With Amgen assets and $50M, Vigil takes aim at brain's 'sentinel cells' to fight neurodegenerative diseases

Alzheimer's disease may be the big target in neurodegeneration, but Vigil Neuroscience is taking aim at a smaller one, at least at first. The startup is betting on a new angle—one that focuses on the immune cells of the brain—and zeroing in on rare indications before expanding into larger ones.

The company uncloaked Tuesday with $50 million (PDF) in series A funding and a pair of programs licensed from Amgen designed to harness immune cells called microglia to treat neurodegenerative diseases.

Ivana Magovčević-Liebisch, Ph.D. (Vigil Neuroscience)

“We can almost think of them as the sentinel cells of the brain’s immune system; they respond to any kind of injury or damage,” said Vigil CEO and President Ivana Magovčević-Liebisch, Ph.D.

Vigil believes it is the first therapeutics company to zero in on microglia, while Tranquis Therapeutics, which launched in July, is targeting the brain’s immune cells more broadly.

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Vigil is starting with rare microgliopathies, or disorders of the microglia, and specifically focusing on those caused by single gene mutations. Their patient populations are more uniform, Magovčević-Liebisch pointed out. From there, the company plans to move into more prevalent diseases. It hopes to translate the lessons it learns in these rare diseases to more complex diseases, like Alzheimer’s, where the cause is not so clear-cut.

“We believe that we are going to learn a lot about microglial biology and what is really happening in these patient populations before taking those learnings into larger indications,” Magovčević-Liebisch said.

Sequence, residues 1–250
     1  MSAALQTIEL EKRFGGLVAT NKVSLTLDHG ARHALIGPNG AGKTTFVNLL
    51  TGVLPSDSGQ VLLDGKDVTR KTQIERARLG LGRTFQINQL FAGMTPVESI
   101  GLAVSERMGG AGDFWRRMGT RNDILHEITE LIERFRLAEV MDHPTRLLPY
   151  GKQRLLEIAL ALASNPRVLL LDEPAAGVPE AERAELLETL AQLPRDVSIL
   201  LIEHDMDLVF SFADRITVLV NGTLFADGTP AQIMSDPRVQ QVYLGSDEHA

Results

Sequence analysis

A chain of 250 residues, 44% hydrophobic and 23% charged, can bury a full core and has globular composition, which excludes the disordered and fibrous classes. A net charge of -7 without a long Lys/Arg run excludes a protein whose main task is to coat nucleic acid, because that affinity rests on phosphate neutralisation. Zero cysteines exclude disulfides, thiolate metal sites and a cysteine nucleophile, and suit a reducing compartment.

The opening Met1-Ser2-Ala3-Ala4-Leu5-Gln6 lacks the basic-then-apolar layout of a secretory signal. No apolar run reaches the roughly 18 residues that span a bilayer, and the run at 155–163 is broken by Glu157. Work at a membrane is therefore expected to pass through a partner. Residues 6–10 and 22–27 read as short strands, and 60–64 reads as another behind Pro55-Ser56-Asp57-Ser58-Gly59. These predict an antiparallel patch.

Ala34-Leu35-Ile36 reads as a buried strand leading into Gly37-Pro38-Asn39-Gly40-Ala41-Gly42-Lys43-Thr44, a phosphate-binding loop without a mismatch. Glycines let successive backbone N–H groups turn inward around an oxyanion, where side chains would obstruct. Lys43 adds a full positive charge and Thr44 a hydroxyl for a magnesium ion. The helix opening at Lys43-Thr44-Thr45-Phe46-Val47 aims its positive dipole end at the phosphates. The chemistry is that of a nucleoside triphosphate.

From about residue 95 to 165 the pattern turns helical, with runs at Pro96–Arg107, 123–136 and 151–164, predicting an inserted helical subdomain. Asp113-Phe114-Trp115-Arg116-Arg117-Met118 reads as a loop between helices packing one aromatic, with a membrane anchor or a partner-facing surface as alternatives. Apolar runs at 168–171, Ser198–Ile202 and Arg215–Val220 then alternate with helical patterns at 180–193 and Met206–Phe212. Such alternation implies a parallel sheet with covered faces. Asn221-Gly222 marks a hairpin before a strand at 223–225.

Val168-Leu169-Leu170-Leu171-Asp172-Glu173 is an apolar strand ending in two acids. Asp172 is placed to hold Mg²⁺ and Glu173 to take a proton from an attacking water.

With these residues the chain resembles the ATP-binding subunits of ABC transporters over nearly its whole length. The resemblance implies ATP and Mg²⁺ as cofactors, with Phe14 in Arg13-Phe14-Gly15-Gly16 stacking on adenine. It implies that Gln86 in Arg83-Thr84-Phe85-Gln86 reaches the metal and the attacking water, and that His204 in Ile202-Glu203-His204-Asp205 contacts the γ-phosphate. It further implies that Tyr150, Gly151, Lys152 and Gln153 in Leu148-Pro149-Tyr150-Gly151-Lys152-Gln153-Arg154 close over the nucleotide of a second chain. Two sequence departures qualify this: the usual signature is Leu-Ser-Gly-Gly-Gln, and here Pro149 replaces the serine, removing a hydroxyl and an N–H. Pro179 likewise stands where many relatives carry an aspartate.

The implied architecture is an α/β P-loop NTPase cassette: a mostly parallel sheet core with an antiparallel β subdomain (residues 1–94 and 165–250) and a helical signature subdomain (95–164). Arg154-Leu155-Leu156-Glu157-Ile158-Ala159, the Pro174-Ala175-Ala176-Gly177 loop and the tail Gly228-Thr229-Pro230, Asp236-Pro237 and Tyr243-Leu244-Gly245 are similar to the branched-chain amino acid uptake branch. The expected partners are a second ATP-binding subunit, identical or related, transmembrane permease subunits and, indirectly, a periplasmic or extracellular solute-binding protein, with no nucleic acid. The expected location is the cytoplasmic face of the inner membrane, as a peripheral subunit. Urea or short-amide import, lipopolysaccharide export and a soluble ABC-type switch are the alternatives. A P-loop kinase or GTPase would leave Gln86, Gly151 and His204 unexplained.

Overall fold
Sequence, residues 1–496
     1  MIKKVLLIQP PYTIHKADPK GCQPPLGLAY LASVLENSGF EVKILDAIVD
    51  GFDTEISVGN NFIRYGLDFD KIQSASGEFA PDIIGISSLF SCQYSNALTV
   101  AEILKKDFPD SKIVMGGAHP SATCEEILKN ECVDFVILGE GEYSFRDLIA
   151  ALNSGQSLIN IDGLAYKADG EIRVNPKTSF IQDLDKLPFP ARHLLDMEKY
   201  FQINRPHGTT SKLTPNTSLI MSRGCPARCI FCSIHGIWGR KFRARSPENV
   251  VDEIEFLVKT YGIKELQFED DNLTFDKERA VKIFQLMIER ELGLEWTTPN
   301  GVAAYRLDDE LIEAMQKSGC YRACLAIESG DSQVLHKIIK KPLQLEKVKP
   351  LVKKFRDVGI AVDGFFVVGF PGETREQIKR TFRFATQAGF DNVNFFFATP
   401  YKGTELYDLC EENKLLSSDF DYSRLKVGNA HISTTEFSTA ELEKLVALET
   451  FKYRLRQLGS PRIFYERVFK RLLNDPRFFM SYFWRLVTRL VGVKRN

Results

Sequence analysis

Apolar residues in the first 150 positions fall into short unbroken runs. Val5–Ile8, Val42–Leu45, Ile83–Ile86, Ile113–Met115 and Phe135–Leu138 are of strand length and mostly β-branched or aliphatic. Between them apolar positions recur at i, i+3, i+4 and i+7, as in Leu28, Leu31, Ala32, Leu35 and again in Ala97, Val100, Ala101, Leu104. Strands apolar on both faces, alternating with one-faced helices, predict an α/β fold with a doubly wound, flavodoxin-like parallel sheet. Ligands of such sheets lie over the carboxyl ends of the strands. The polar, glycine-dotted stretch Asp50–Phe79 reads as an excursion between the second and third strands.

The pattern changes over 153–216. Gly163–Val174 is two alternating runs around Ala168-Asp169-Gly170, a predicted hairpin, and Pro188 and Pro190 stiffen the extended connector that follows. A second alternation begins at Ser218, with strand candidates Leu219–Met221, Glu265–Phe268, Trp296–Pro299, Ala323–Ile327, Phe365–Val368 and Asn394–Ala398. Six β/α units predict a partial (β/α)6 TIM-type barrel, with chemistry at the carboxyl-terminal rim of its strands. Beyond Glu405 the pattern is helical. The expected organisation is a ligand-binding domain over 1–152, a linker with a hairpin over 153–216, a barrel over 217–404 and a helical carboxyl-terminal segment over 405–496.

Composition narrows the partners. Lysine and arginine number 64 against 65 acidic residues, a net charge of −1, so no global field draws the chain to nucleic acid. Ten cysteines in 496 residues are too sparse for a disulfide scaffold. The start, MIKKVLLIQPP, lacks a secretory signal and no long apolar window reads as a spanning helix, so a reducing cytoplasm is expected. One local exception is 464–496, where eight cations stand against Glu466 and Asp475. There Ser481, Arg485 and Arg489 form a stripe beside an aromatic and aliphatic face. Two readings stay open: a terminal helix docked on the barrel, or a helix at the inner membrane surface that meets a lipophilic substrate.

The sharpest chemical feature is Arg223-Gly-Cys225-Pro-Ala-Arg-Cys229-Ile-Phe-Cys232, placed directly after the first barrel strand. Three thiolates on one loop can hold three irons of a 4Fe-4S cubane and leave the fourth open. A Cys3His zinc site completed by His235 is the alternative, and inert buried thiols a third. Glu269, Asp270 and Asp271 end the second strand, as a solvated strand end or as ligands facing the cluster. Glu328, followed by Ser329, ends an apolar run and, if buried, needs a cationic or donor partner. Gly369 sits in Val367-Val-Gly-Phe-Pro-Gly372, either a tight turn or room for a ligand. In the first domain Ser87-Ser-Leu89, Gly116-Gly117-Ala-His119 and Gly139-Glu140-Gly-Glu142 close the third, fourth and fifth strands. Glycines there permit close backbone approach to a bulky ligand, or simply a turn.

The funding, drawn from Atlas Venture, Northpond Ventures, Hatteras Venture Partners and Alexandria Venture Investments, will push Vigil’s lead asset, an antibody that activates the protein TREM2, into the clinic in 2021. It will also get its second program, a small molecule with the same target, into IND-enabling studies, as well as lay the groundwork to build Vigil’s pipeline.

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TREM2 acts as a damage sensor on microglia, playing a role in how they react to injury, said Marco Colonna, M.D., chair of Vigil’s scientific advisory board, in a statement. Colonna made many of the discoveries underpinning Vigil’s work in his lab at Washington University School of Medicine.

“The loss of function of TREM2 has now been connected to neurodegenerative disease,” Magovčević-Liebisch said. “If you can restore the function of TREM2, you can restore the microglia and increase a number of things that the microglia are involved in to respond to damage. Then you will be able to arrest the damage that is occurring.”

And it’s not stopping at TREM2. With its scientific advisory board, the company is on the lookout for other targets important to microglia function. It could pursue those targets through in-house discovery and development or licensing programs, Magovčević-Liebisch said.